On his fifty-fourth birthday, in 2018, Alvin Dedeaux and his wife took a celebratory float trip on the Lower Colorado River south of Austin, Texas, intending to pick up a bit of trash along the way. A former lead singer for the Texas funk band Bad Mutha Goose & the Brothers Grimm, Dedeaux had spent the previous quarter century in decidedly calmer auditory conditions: He’s a fishing guide who plumbs Hill Country streams and rivers for Guadalupe bass and Texas coast marshes for redfish. Within fifteen minutes, he and his wife filled a sixteen-foot Hog Island skiff with plastic bottles, cans, miscellaneous garbage, and, unbelievably, a blue kiddie pool complete with a slide. “When we looked up and saw that,” he says, “we knew we had a problem.” The next year, Dedeaux kicked off the LoCo Trash Bash, a now-annual river-cleanup-meets-river-party that has since pulled nearly fifty tons of tires, sofas, and other indignities from the Lower Colorado.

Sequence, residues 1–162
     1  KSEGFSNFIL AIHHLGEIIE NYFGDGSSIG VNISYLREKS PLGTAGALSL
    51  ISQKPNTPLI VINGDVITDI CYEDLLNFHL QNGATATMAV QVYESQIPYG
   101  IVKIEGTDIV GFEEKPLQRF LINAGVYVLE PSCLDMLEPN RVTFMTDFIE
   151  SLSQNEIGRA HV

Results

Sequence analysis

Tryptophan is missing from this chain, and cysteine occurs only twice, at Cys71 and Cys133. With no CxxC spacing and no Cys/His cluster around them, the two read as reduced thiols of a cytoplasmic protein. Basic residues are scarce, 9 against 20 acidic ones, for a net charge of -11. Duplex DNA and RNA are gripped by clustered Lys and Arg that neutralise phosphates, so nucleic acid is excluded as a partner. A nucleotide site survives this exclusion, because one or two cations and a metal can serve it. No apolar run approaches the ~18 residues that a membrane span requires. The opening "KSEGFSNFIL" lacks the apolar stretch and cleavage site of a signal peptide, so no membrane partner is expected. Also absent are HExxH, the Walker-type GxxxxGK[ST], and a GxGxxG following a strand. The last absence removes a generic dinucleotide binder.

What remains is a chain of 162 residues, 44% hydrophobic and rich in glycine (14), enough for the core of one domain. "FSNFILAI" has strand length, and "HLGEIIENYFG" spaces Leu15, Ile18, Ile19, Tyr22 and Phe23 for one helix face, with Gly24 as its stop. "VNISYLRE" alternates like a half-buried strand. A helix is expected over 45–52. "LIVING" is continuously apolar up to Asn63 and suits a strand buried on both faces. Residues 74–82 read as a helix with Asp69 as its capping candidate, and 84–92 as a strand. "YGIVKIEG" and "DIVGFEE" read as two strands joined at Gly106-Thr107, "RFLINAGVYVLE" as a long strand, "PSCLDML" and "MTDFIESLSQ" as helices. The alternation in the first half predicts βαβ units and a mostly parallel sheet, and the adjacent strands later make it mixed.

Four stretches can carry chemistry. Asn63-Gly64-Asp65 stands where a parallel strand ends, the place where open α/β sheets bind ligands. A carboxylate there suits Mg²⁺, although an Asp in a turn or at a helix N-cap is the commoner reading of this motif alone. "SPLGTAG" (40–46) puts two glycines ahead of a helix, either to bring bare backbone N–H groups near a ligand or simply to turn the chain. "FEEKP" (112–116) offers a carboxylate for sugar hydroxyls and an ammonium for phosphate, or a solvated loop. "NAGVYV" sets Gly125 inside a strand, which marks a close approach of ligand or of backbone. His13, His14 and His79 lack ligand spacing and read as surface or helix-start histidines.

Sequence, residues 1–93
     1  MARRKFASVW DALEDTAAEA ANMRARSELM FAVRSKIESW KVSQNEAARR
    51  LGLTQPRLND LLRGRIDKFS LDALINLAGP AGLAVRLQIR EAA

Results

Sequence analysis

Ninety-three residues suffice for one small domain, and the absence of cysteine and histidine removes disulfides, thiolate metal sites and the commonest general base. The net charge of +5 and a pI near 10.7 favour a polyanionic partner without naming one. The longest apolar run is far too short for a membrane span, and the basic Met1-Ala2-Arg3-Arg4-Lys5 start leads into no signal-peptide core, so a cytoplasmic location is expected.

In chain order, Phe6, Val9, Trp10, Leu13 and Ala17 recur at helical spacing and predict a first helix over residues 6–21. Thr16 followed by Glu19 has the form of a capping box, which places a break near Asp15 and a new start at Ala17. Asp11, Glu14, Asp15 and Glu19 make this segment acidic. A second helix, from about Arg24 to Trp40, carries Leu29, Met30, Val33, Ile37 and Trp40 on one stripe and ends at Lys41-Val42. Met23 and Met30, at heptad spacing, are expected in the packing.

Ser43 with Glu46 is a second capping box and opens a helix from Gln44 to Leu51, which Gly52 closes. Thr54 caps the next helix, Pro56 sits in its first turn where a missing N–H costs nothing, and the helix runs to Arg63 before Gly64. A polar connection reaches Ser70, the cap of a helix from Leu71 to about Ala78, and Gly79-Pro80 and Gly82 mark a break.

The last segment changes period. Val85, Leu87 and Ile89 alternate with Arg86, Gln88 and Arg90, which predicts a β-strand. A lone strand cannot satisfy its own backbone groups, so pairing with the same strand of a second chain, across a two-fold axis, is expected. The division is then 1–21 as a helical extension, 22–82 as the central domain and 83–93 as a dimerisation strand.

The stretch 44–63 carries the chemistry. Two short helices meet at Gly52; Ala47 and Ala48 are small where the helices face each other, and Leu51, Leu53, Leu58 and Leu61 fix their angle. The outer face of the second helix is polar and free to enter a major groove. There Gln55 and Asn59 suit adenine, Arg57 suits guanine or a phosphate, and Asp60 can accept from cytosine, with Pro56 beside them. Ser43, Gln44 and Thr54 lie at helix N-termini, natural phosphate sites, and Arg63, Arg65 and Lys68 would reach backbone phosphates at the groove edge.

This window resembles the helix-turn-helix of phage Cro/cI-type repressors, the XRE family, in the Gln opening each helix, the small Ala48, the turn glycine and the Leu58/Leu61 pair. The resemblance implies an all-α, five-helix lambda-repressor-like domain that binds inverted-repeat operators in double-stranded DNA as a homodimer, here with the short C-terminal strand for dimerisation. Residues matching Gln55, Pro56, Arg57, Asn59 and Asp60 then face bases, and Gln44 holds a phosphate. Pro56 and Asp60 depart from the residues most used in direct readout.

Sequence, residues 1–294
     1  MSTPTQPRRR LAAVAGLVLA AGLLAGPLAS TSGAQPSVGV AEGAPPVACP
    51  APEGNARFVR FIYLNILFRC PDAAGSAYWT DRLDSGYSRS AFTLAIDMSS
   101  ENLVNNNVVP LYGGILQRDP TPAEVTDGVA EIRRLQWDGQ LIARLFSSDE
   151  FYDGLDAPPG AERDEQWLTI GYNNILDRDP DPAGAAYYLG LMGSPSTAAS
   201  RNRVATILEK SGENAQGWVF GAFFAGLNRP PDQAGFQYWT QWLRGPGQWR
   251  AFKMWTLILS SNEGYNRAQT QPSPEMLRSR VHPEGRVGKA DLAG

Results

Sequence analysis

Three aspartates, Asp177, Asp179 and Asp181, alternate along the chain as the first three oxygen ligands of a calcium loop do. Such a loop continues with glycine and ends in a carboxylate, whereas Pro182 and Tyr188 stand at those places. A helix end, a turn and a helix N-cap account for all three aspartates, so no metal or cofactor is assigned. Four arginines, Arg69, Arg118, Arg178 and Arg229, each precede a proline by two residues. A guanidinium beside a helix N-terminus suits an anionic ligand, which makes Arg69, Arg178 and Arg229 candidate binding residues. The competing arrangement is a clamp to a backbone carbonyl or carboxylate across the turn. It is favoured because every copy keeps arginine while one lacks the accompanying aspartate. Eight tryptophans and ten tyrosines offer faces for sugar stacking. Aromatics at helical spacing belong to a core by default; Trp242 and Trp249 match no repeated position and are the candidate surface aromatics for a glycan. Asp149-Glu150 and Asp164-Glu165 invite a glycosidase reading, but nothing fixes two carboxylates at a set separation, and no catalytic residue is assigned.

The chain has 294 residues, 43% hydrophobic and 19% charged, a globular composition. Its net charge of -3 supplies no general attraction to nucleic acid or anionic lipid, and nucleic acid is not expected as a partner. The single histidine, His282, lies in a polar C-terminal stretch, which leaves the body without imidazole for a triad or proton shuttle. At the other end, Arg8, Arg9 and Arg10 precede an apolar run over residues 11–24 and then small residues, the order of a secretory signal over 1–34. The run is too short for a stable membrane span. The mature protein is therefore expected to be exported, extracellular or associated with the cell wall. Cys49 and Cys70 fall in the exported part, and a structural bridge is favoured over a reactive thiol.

For Dedeaux, the trash cleanup serves as a soft-sell approach to broader issues such as climate change and its effect on fisheries, and that easy-does-it approach is the point. “We’re exposing more people to the river and to what’s happening down there—both the good and the bad,” Dedeaux says. “They come out to pick up trash and realize that there is this amazing, underutilized resource right in their backyard, but it needs people to care for it.” After the cleanup, he puts on a riverside bash with beer, prizes, and music. “It’s Austin,” Dedeaux says with a grin. “So, any excuse for a party.”
Dedeaux serves as an advisory board member of Tomorrow’s Fish, a climate-action campaign of the American Fly Fish- ing Trade Association that highlights the challenges faced by recreational fishing as well as solutions. An outfitter who might have a dozen guides booked on the water on a good day, Dedeaux is on the front lines of the nexus between a warming climate and the economics of everyday life. “Summer is typically a bit slower here,” he says, “but this summer was brutal. Even the inner tubers were staying home. A warming climate is now a financial issue for guides and outfitters.”
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On-the-ground effort: Loco Trash Bash
Location: Austin, Texas
Fishing guide since: Mid-1990s
Favorite fly: The Dedeaux Popper, a next-gen version of his Flip Flop Popper. “I was loading the raft after fishing the Llano River one day, and this sparkly chartreuse flip-flop came floating down the river,” he says. “I fished it out, took it home, and carved it up for popper bodies. And I caught the hell out of the fish with them.”